Five years ago, bassist Huang Yong, who lives in Beijing, toured Croatia with his jazz band. Two things impressed him the most: the beautiful coastal views and the impromptu jamming with local jazz musicians in some of the most popular live-music venues.
He will again perform in Croatia at the Pula Arena on Friday. One of the most famous and popular locations in Pula, the venue is a 2,000-year-old amphitheater where ancient Romans watched gladiator fights. It now hosts some of the finest international musicians.
Instead of performing with his jazz band, the veteran bassist this time is playing with Haya, an award-winning world music ensemble whose musicians are all ethnic Mongolians.
"It will be the first time for the band to perform in Croatia, which is exciting for us," says Zhang Quansheng, the morinkhuur (horse-head fiddle) player of Haya, who founded the band in 2006.
As part of the Croatia Meets China－Silk Road China Ethnic Music Festival, Haya will perform the hits, including Silent Sky and Flying Eagle, which combines traditional Mongolian sounds with other musical elements, especially contemporary music.
"What we make is world music based on Mongolian traditions," Zhang says. "I wanted our music to appeal to not just Mongolians. From our experience of performing abroad, we have achieved that goal."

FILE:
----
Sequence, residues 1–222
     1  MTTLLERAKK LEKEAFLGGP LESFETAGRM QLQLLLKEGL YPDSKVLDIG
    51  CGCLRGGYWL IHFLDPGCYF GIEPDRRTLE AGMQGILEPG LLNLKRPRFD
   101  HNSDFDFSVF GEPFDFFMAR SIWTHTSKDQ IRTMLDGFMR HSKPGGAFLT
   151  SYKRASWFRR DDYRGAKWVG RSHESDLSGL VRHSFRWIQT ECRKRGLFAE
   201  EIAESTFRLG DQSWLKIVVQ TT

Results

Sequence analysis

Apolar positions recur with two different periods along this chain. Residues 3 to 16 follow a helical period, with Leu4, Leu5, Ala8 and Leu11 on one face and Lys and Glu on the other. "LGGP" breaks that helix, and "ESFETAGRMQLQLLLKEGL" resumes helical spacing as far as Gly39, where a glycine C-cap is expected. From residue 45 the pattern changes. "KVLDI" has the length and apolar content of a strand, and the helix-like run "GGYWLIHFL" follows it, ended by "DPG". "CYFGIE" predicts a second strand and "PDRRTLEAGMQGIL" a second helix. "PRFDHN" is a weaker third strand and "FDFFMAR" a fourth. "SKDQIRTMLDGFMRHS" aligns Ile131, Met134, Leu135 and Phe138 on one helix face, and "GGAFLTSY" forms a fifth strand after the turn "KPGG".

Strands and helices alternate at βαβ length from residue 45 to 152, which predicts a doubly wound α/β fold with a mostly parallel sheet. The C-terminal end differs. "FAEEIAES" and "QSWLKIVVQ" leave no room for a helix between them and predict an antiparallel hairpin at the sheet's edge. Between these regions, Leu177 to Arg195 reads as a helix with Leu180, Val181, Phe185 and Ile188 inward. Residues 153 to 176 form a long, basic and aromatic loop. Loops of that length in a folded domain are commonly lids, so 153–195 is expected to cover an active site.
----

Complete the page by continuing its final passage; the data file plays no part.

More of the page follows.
The band has performed throughout China and in countries, including Sweden, Germany and Canada.
In the Mongolian language, haya means "the edge". It is a metaphor for the nomadic lifestyle that has become rare today.
"We met decades ago at a small bar in Beijing. I was impressed by the band's leading vocalist Daiqing Tana's voice," recalls Huang. "In their music, the band sings about nature, brotherhood, love and ancestors. I believe the audience in Croatia will love the music, which talks about universal topics."
As the director of the Croatia Meets China－Silk Road China Ethnic Music Festival, which marks the 25 years of diplomatic relations between the two countries, Huang has also invited two other musicians from China to the event, pianist Wu Muye and composer Li Zhihui.
Li, who combines elements of the music of China's ethnic groups with Western contemporary musical elements, will introduce his music, which is inspired by China's landscapes and combines traditional Chinese instruments, such as the bamboo flute and electronic music.
Classical pianist Wu, who graduated from the Paris National Superior Music Institution, will give a solo performance, including Chopin's The Polonaise in A-Flat Major, Op 53 and the Yellow River Piano Concerto, which was rearranged in a collaboration between musicians Yin Chengzhong and Chu Wanghua in 1969 based on the Yellow River Cantata written by composer Xian Xinghai in 1939.
"An important part of the development of China's music scene is the variety. Musicians break conventions and create original sounds and we want to share this with the world," says Huang, adding that he plans to take the festival to other countries next year.
Huang is also the founder of the Beijing Nine Gates Jazz Festival, one of the earliest events devoted to promoting Chinese jazz musicians. The festival, now in its 12th year, will be held in Beijing in October.